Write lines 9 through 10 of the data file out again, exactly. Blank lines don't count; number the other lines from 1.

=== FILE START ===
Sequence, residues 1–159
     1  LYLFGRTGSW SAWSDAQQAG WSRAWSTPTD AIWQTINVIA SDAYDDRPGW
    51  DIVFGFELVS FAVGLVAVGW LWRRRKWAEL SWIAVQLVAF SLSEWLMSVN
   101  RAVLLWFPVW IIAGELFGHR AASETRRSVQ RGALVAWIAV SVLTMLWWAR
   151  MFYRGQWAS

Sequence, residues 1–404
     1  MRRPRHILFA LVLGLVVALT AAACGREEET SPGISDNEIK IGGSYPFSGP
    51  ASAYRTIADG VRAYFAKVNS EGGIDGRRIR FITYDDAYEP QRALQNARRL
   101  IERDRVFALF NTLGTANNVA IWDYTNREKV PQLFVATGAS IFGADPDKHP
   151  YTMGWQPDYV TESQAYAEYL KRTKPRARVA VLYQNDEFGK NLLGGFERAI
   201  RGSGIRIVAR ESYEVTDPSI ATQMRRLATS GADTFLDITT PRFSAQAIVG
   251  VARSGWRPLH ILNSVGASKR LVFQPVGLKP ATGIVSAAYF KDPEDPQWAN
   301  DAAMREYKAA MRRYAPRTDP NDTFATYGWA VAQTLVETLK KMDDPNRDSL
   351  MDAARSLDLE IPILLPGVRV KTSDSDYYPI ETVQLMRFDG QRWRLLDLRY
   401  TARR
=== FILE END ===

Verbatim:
   101  IERDRVFALF NTLGTANNVA IWDYTNREKV PQLFVATGAS IFGADPDKHP
   151  YTMGWQPDYV TESQAYAEYL KRTKPRARVA VLYQNDEFGK NLLGGFERAI